Last updated 30 November 2016
Bankruptcy – Key Points
The Australian Financial Security Authority
To Bankrupt or Not To Bankrupt
Criteria for Bankruptcy
How to Become Bankrupt
Administration of a Bankrupt’s Property
Claiming a Bankrupt’s Debts
Court Proceedings of a Bankrupt
Responsibilities of a Bankrupt
Alternatives to Bankruptcy
Offences under the Bankruptcy Act
Bankruptcy is a process that results in the property and affairs of a person in financial difficulty being administered by a trustee for the benefit of creditors as set out in the Bankruptcy Act 1966 (Cth). Bankruptcy imposes immediate restrictions and responsibilities, and potentially limits a bankrupt’s future financial and employment opportunities.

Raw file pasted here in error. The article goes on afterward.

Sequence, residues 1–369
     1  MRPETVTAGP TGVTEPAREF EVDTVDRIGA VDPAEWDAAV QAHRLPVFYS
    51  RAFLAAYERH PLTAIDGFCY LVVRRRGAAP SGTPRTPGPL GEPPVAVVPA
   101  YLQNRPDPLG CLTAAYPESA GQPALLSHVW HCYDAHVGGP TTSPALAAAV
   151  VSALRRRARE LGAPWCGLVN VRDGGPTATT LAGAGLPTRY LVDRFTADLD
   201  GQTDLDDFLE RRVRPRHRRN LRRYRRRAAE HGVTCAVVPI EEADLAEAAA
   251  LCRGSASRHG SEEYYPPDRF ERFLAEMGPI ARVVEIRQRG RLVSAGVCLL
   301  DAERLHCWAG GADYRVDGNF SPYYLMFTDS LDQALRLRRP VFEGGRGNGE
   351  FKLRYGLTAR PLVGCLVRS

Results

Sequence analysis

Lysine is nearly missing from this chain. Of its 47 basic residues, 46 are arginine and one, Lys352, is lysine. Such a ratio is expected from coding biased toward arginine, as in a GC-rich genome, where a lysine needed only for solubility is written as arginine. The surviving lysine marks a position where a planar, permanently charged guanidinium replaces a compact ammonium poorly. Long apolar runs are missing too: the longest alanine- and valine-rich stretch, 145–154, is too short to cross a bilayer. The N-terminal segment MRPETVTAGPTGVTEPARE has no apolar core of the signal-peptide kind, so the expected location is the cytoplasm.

A decision to become bankrupt should not be taken lightly, and a person wanting to make the best choice to fit their circumstances should always seek information from an independent source such as a financial counsellor, the Australian Financial Security Authority, a registered trustee, a registered debt agreement administrator, a solicitor or an accountant.